“Not at all. There’s nothing crazy about dreaming big. How do you think I got here?”
That was the last time I saw Walter; he suddenly just stopped coming into the club. When I questioned Luca, he sadly informed me that Walter had passed away. It sounds ridiculous but I cried like a baby. I had become quite attached to that man, strange as it may seem. And I know he genuinely cared for me. As the days went by I tried not to think about Walter but I just couldn’t forget him.
Things just weren’t the same after that and even though I still enjoyed my job, something was missing. I’d find myself glancing up at the darkened balcony hoping to see Walter, knowing that was an impossibility. Several weeks went by and I was still in a funk. Why could I not forget that man?! I seriously considered quitting the club and going back to school. I had some money saved up so I knew I’d be okay until something came along. The last thing I wanted was to become a career dancer. Did I really want to do this for another fifteen years only to be replaced by younger girls when my looks started to fade? Or should I take Walter’s advice to dream big?
One night Luca approached me and said a messenger had dropped something off for me. He handed me a little flat leather box which contained a business card for Hamilton Barrow, Esq. On the back was written very neatly “Dream big, Blaine. Hamilton is expecting your call. Affectionately, Walter.” I’m not embarrassed to admit seeing Walter’s name felt like a warm hug from an angel.
That afternoon I called Hamilton Barrow; he was very British and quite proper. “Ah, yes. Miss Freeman. It appears that Walter Ashcroft named you as a beneficiary in his will.”
“That’s incredible! Walter was such a sweet old guy but I don’t understand why he’d name me.”
“Well, Miss Freeman, it’s not our place to wonder why. In any event, I believe what I’m trying to say is that ‘sweet old guy’ made it rain. Can you come to my office this afternoon?”
Bewildered, I agreed. When I arrived at Mr. Barrow’s office, he handed me a thin grey linen envelope. Inside was a check made out to me. I nearly fainted looking at the number of zeros.
“There must be some mistake” I mumbled.
“I assure you there is no mistake, Miss Freeman. Walter Ashcroft did not make mistakes. He left you a considerable amount of money, a fortune some might say, with the instructions to ‘Dream Big’.”
This was my chance to see my life’s ambition come true. “God bless you, dear Walter. I won’t let you down. And no matter how successful I become I will never forget you.”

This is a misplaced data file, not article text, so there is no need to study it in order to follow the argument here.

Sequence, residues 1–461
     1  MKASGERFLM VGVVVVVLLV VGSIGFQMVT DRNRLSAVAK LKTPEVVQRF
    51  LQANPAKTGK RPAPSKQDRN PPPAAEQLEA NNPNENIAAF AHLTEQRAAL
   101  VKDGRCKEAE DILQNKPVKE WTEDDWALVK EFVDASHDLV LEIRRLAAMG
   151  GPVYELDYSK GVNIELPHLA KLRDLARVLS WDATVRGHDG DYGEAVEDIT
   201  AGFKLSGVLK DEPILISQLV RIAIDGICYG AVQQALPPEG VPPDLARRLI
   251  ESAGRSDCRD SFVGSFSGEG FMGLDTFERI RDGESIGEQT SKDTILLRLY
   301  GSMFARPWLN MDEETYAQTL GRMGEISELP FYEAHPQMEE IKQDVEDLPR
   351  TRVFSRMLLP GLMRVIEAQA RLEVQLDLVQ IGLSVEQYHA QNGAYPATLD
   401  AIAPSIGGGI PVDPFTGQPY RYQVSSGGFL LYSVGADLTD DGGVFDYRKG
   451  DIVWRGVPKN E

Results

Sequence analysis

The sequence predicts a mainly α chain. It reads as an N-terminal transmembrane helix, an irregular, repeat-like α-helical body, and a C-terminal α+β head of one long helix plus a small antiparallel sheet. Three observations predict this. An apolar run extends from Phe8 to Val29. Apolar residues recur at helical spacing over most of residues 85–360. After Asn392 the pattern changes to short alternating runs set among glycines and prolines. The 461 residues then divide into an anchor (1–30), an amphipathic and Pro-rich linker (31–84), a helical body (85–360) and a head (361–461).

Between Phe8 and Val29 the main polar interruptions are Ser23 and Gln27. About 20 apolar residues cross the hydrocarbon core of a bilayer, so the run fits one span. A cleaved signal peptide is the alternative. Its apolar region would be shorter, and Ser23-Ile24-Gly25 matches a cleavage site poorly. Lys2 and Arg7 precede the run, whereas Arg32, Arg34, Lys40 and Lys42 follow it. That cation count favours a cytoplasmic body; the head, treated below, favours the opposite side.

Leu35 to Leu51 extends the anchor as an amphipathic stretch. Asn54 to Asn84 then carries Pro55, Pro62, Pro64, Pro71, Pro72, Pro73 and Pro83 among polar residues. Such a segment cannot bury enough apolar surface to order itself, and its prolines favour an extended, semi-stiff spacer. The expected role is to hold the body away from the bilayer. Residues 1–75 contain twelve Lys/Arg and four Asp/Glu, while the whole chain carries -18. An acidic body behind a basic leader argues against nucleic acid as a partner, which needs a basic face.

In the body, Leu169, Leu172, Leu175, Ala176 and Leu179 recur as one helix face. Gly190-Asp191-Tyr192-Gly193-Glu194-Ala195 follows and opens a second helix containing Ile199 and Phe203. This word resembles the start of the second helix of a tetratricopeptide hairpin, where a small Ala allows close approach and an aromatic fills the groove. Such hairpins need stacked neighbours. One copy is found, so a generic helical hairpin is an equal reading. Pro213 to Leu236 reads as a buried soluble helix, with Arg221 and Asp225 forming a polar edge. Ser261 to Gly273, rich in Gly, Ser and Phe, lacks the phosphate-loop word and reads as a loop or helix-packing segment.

“Good luck, Miss Freeman” Mr. Barrow declared.
“Thank you, Mr. Barrow. Tell me: how does the name ‘Ashcroft’s’ sound to you?”
“Quite appropriate, Miss Freeman. Quite appropriate.” I even detected a slight twinkle in his eye.
And for the first time in weeks I felt truly happy.
NAR © 2022
7 thoughts on “MAKE IT RAIN”
A great story, well told.
Fantastic story! I was intrigued to read more😊
What a lovely story. I too feel a bit for Ashcroft myself. What a beautiful ending, it is nice to think there are truly good people out there that will help people that need it. Beautiful story. Have a blessed week.
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Thank you Joni! The last thing I wanted was a trashy story but when people see “strippers” that what they immediately think of. I was hoping to give all the characters redeeming qualities and I’m very glad you think I did that. Thank you for your comments, my dear! 🌹 ✌🏼 💕
This story, oh Ms Richy, is a great hit out of the ballpark. The way you’ve crafted the plot is simply so amazing and the curiosity around Walter kept me reading till the end. I wanted to know what he had in store for the lady. When at first I heard that he died, I felt bad, as if all hope was lost, then came the gift and the call and the big will reward. I must say, this is the best I’ve read on a Monday. Many thanks for writing it. I can’t even afford to miss any of your stories now. They’re so captivating! 👏❤
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Oh Lamittan! You are so sweet to say these things and I can tell you really read and absorb what I write. I appreciate that very much. As long as you keep reading I will keep writing, you can be sure of that! 🌟 ✌🏼 💕
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Oh this’s a treasure for sure. You have a knack for writing interesting stories! I’d be very glad to keep on reading ’em as they flow in, dear. Feel most welcome. ❤